The U.N. peacekeeping force in Democratic Republic of Congo must revamp its strategy for protecting civilians, because existing tactics were having little lasting effect, according to an internal mission document seen by Reuters on Tuesday.
The briefing, dated Sept. 7, said the strategy resulted in an illusion of protection rather than real security, putting pressure on the United Nations’ biggest peacekeeping mission that has been dogged by criticism since its launch 13 years ago.
Inaction by the U.N. force when rebels seized the eastern city of Goma in November led to the creation in March of a new brigade with an unprecedented mandate to confront and disarm armed groups in Congo’s restive eastern provinces.
This force, made up of South African, Tanzanian and Malawian soldiers, has since helped Congo’s army drive rebels away from Goma in heavy fighting.
However, the briefing provides a rare, detailed critique of the broader 18,500-strong, $1.5 billion-a-year mission, which many Congolese complain has failed to protect civilians from a plethora of armed groups roaming the east.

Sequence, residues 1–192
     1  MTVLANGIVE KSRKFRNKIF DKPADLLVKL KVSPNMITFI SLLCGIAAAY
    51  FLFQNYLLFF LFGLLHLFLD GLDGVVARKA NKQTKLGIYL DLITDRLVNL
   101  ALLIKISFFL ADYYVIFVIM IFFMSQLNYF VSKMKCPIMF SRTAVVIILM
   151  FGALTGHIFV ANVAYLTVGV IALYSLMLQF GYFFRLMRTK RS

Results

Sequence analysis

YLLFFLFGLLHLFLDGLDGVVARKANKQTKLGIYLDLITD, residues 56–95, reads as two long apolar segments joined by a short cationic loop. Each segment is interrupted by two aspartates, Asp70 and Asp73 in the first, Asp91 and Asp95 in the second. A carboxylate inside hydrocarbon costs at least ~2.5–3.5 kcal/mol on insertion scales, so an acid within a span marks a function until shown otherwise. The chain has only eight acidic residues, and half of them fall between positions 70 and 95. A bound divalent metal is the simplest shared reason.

The document says U.N. operating bases are poorly situated, allowing for only short range patrols and limited civilian protection by the force, known as MONUSCO.
“Protection by presence is not effective,” it says. “MONUSCO is delivering false reassurance – maintaining the illusion of protection – through static presence and consuming significant resources to little enduring effect.”
The briefing calls on soldiers to use their rules of engagement to the fullest extent and retake the initiative on the ground, where their movements are sometimes curtailed by armed groups.
Citing instructions from General Carlos Alberto dos Santos Cruz, the U.N.’s force commander in Congo, the document says MONUSCO must review its operations and “orient the force towards defeating emerging threats”.
Dos Santos Cruz, a Brazilian who previously commanded the U.N. mission in Haiti, has been credited with pushing the force to be more pro-active since he took over in May.
While the newly created Intervention Brigade explicitly calls on U.N. troops to go on the offensive, the mission has long operated under a Chapter 7 mandate, which allows peacekeepers to use deadly force to protect civilians.
However, some countries contributing soldiers to the force are more reluctant than others to see their troops go on the offensive in a U.N. mission.